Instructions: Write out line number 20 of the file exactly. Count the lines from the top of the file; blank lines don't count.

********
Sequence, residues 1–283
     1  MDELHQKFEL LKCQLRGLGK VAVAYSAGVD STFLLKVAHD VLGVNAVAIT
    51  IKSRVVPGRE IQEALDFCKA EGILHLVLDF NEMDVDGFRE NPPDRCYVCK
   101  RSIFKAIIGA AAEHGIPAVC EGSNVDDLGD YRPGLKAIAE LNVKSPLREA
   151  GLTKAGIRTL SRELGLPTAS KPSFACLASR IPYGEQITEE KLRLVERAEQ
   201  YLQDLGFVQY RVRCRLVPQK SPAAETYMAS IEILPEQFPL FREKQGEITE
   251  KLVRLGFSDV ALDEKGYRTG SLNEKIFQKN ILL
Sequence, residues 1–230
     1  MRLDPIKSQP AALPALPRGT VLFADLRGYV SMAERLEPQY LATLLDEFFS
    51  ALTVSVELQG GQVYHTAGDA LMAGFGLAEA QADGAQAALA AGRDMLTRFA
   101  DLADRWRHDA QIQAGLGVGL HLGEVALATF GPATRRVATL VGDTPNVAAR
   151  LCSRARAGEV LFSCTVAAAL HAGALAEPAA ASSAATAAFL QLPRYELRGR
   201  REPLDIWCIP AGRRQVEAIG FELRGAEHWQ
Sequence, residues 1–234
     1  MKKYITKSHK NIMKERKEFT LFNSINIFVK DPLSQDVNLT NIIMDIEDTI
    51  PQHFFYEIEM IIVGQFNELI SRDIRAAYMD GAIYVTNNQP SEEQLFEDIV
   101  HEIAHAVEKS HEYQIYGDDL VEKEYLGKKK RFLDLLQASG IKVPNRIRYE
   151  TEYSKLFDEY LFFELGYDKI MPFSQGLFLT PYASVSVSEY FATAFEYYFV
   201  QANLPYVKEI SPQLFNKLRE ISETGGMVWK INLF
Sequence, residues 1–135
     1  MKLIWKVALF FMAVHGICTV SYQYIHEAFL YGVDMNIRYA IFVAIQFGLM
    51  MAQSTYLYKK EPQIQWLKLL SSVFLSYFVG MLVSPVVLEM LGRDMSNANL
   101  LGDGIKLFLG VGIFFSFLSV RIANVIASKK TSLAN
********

Sequence, residues 1–135